Energy company removes bald eagle nest to make way for wind turbine in Haldimand County
By Jonathan Sher, The London Free Press
A subsidiary of an American energy company has chainsawed a bald eagle nest to make way for a wind turbine with the blessing of Ontario bureaucrats, The Free Press has learned. NextEra Energy Canada took down the nest Saturday in Haldimand County as horrified onlookers snapped photographs — the incident already has drawn outrage from environmentalists in Ontario and even in the United States.
Onlookers claim that no one with Ontario’s natural resources ministry, which approved the nest removal, even bothered to show up to insure it was done properly. “This issue has people infuriated, and rightly so,” said Esther Wrightman, a wind farm opponent.
Also weighing in was Tom Wasilewski, co-ordinator of an eagle conservation association in the Northwestern Pennsylvania: “The Ontario government continues to blindly accept inaccurate information from wind companies as the truth without providing an investment in truly independent, scientific studies of bird, bat, butterfly migration before and after these projects are built.” His comments and photographs of the nest removal appear on the website http://ontario-wind-resistance.org/.
The Ministry of Natural Resources approved the nest removal Dec. 31 without input from the public and posted notice of the removal Friday —just one day before the next was removed.
On its environmental registry website, the ministry said its approval was intended to clear the way in Fisherville for the Summerhaven Wind Energy Centre, whose 56 turbines is expected to produce enough energy for about 32,000 homes.
“Expanding clean and renewable sources of energy is key to the government’s plan to phase out coal-fired generation, mitigate climate change, create green jobs and support technological innovation in renewable energy,” the ministry wrote.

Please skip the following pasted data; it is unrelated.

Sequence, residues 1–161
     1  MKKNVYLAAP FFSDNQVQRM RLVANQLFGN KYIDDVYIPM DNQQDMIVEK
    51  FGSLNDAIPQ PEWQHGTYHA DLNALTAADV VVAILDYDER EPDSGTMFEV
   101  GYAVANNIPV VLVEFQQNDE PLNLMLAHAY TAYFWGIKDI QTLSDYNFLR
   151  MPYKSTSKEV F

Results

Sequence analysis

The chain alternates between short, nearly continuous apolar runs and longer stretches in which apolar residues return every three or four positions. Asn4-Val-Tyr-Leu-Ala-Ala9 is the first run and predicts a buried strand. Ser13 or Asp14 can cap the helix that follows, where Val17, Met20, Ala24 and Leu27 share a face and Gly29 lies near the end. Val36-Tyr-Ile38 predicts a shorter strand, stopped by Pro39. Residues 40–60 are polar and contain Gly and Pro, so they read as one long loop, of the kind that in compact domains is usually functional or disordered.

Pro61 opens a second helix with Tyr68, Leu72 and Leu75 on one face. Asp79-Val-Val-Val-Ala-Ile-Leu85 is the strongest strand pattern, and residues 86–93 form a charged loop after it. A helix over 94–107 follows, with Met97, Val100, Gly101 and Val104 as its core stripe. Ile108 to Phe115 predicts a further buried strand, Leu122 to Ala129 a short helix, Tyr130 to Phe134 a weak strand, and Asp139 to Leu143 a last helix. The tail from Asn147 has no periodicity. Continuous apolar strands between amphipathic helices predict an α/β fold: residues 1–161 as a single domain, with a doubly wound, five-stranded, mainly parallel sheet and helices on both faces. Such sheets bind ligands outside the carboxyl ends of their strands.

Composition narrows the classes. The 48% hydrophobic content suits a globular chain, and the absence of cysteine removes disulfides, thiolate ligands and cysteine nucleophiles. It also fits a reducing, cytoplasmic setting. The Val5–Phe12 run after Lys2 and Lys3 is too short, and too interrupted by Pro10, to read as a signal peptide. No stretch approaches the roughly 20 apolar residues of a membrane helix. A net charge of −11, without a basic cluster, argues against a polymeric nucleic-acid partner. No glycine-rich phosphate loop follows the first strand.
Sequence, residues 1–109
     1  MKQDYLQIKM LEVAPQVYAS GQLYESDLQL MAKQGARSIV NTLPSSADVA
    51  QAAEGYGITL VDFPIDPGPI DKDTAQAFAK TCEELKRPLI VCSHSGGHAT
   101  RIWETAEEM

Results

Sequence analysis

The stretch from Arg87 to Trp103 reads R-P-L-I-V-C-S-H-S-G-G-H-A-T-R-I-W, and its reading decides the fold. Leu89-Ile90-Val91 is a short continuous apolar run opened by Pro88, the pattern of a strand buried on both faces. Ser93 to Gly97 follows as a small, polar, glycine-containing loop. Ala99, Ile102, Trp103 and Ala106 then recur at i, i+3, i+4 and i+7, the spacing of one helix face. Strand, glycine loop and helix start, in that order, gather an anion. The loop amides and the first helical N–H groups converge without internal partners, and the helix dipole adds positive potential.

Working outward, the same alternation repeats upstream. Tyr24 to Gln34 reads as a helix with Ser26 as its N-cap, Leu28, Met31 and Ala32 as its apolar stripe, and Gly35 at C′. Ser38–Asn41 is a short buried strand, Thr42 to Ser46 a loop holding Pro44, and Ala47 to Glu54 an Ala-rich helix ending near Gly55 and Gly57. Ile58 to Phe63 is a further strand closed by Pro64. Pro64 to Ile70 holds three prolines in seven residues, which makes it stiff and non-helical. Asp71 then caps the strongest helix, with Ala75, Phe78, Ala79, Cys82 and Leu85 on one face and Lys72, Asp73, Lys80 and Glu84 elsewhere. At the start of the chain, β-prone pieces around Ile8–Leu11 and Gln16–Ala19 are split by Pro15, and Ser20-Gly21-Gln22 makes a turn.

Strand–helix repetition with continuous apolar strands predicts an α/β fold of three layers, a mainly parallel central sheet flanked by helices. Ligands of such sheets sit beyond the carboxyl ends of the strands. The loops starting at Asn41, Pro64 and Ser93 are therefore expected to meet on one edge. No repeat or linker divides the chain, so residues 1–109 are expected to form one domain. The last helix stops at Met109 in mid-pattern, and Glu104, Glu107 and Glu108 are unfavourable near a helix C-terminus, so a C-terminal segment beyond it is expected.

“Bald eagles typically start to look for nests in early winter and have been known to use more than one nest. By removing the nest before Jan. 6, it is anticipated they will find another suitable nest location and will avoid disturbing them during their critical nesting period.
Timing is critical as the eagles are not currently situated in the nest, however they have been seen perching in the area. Removing the nest will reduce the risk of eagle mortality at the site.
NextEra plans to provide artificial nests in the surrounding areas to ensure that the eagle pair can safely relocate.”
This wind project is being subsidized by taxpayers through Ontario’s feed-in-tariff program — a sore point with Conservative energy critic and Nipissing MPP Vic Fedeli.
“How can anyone with an environmental conscience allow this to happen?” Fedeli asked in a media release.
“The most obscene thing about this whole thing is that the only thing green about wind energy in Ontario is the vast amounts of money the Liberal government is paying out to developers to help drive up your hydro rates.”